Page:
Money is a ruleset that we can opt to use as we see fit. We do not use money because we are forced to, we use it because it serves our purposes like nothing else we know of.


But money is a ruleset that is no longer well aligned with the realities of the modern world. Money is a ruleset that has become brittle and destructive. The roots of this problem are explored in my first book, Trust Again: how peer-to-peer trust between sovereign humans changes everything.


When we depend on money, we put ourselves in a position of weakness. When we depend on money, our ability to exchange with each other is subject to forces far beyond our control. This is clearly demonstrated where money fails, for example in zones of hyperinflation. But even where money appears stable, it is a ruleset that tilts the playing field towards centralization and extraction.


But money itself is not really the problem. That's the coward's way of thinking. Money is something outside of ourselves that we could blame for the mess we are in. But it's the relationships that matter. Money is a ruleset that mediates our economic relationships. Deciding to shape an economic relationship under the ruleset of money is a choice, and it's a perfectly valid choice. But it might not always be the best choice for ourselves or for our world.


The real problem is limiting ourselves to seeing money as the only form of wealth, and the only ruleset under which we can exchange with each other. The credex ecosystem opens up an entirely new set of possibilities for us to build wealth together in communities, businesses, regions, and across the world. But the credex ecosystem also integrates seamlessly with money economies. Using credex is not an either-or choice, it's an experiment. It's an experiment that will begin at the margins, like so many innovations. Systemic transformation begins at the margins, and scales across networks.


The credex ecosystem is a digital environment in which we can use our own currency-creating power to transact under a ruleset that is foundationally independent of money.


The true magical beauty of credex is that we don't need to demand that anyone else change. This is the warrior's path. We don't need to change the money system. We just give ourselves permission to also experiment with something else, and we see what happens.


The credex experiment is an experiment with trust. The credex ecosystem replaces the centralized, cascading credit controls of modern money with pure trust between human beings. Simply by providing a few simple tools to verify, audit, and scale trust between humans and their corporations, the credex ecosystem opens a door to a completely different method of value exchange for mutual benefit. The credex ecosystem enables complex modern economic relationships without the need for the centralized controls of money. Credex is an accounting protocol that removes the necessity of a set of centralized currency-creating entities, and replaces it with decentralized credit in the hands of people everywhere.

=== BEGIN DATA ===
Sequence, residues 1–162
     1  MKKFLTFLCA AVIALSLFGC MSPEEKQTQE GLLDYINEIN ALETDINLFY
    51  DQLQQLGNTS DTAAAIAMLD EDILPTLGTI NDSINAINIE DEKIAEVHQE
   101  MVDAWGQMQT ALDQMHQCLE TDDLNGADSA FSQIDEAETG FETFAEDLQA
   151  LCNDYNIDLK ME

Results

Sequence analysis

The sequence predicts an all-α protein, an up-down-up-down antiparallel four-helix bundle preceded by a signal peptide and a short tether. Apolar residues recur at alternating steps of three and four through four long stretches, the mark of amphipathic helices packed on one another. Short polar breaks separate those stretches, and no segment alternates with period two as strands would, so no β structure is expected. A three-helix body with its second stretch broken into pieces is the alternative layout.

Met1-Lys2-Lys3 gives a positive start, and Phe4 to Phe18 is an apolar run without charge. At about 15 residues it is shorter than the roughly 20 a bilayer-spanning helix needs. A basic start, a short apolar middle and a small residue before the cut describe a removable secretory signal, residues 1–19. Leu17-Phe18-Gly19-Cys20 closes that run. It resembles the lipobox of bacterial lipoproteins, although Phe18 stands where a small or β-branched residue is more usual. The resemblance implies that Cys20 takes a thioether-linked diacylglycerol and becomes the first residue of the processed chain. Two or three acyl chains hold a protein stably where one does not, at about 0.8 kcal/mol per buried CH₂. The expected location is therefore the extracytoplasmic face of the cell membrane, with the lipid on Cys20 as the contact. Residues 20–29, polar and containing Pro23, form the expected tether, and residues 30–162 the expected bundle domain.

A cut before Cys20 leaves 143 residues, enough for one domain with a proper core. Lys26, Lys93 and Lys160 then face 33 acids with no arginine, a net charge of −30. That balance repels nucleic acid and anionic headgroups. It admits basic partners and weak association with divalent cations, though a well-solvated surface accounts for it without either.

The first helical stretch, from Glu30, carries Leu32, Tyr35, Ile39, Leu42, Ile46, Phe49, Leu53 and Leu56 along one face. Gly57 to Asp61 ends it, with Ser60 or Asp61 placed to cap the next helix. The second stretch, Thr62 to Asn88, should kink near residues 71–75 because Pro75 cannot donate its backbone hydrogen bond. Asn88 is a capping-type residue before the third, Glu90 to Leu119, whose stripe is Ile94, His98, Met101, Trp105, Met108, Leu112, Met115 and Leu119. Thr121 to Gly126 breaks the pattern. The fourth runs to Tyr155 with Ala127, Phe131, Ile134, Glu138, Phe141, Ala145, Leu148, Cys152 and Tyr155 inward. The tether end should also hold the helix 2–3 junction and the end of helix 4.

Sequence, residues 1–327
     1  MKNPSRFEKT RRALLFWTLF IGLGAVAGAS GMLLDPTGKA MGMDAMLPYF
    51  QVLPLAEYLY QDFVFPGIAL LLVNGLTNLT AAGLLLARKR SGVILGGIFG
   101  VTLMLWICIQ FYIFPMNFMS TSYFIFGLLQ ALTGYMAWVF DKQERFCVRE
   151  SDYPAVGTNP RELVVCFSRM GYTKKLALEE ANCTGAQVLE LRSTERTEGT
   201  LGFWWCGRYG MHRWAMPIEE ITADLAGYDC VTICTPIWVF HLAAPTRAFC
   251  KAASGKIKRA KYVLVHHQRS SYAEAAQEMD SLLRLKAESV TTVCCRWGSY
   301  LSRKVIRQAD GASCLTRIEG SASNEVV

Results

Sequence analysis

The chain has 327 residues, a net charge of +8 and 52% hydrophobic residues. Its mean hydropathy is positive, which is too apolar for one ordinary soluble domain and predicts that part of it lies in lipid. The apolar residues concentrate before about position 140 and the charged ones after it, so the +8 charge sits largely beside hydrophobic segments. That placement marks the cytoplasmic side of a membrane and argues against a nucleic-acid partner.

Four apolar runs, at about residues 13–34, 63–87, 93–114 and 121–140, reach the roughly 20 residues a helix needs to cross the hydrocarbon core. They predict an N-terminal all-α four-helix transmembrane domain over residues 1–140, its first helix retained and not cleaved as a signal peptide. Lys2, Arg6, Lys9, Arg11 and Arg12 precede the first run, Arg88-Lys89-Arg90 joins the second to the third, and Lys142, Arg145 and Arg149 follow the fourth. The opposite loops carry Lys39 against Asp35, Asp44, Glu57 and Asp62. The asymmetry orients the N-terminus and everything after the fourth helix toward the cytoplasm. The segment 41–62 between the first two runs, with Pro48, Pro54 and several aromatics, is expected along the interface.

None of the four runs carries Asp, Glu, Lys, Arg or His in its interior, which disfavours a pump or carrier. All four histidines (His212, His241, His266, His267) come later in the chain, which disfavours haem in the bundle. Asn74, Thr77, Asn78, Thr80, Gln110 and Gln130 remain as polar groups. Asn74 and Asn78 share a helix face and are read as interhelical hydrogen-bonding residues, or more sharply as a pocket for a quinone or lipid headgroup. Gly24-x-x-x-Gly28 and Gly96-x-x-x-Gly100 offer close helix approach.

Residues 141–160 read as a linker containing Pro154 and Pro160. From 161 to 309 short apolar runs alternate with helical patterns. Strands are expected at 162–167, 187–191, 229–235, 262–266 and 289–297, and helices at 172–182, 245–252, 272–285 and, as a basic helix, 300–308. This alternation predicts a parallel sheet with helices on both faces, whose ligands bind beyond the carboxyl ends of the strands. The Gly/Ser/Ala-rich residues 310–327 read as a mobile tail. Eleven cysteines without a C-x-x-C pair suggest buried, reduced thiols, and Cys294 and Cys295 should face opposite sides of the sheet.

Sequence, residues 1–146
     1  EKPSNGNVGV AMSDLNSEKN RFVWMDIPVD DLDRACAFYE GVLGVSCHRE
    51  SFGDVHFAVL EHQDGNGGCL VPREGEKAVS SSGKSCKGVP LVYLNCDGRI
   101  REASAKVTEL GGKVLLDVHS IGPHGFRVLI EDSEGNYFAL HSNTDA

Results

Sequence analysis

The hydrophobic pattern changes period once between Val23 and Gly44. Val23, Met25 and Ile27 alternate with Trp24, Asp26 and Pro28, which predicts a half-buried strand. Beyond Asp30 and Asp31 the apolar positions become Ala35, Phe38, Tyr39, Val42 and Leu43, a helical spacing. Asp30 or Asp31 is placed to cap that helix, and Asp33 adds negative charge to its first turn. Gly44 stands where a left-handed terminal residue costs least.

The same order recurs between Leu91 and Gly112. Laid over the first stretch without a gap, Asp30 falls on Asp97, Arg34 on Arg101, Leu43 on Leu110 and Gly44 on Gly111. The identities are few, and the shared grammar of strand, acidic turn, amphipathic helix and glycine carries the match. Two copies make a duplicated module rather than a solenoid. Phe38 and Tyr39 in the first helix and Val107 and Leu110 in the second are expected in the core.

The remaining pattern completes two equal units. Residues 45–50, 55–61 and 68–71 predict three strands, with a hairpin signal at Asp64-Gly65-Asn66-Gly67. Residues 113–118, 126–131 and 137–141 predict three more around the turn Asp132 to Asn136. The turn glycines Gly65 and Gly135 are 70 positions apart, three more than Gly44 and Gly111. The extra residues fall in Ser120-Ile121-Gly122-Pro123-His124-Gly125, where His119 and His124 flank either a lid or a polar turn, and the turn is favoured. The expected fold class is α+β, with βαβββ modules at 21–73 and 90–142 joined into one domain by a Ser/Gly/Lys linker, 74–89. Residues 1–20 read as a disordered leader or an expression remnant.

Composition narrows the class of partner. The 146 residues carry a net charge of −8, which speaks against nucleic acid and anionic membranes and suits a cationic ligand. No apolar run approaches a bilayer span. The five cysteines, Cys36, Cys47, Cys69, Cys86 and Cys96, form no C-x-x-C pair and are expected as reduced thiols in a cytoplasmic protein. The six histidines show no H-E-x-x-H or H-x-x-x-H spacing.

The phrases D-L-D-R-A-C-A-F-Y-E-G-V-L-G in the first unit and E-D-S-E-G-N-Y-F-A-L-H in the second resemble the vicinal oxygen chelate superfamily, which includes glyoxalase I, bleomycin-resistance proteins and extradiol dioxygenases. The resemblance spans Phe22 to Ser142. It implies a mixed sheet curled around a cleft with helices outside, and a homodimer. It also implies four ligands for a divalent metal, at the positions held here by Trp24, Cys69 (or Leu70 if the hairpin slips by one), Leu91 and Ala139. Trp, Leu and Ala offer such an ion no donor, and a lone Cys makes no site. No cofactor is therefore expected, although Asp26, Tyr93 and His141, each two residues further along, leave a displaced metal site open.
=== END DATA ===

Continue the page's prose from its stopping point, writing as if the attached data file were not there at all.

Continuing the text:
The foundational relationship pattern of the credex ecosystem is peer-to-peer trust between sovereign humans.


Minimum viability

In tech startup culture, the simplest version of a software product that will actually provide value to users is known as a minimum viable product. Releasing a minimum viable product moves a business from isolated development into live interaction with real users and real use cases.


Product-market fit occurs when a product has proven its value proposition. Product-market fit occurs when a product provides enough value that a economically sustainable number of people are reliably willing to use it, instead of the alternatives.


Critical mass is the point where network growth becomes self-sustainable. Critical mass occurs when the value of the network itself (rather than the product or any sales efforts) provides enough value to magnetically attract new users.


A minimum viable pattern is perhaps a blend of these concepts. Harnessing a minimum viable pattern of human relationship is what takes a tech startup from a minimum viable product through to explosive network growth. A minimum viable product must create a minimum viable pattern of human relationship. That's what allows it to scale.


The concept of minimum viability is critical. It's a concept associated with evolution. All sorts of mutations and evolutions can occur, but it's only those that provide a minimum viable utility that succeed and scale. A minimum viable pattern could also be thought of as a prototype that is ready to scale, or as an archetype expressed in microcosm.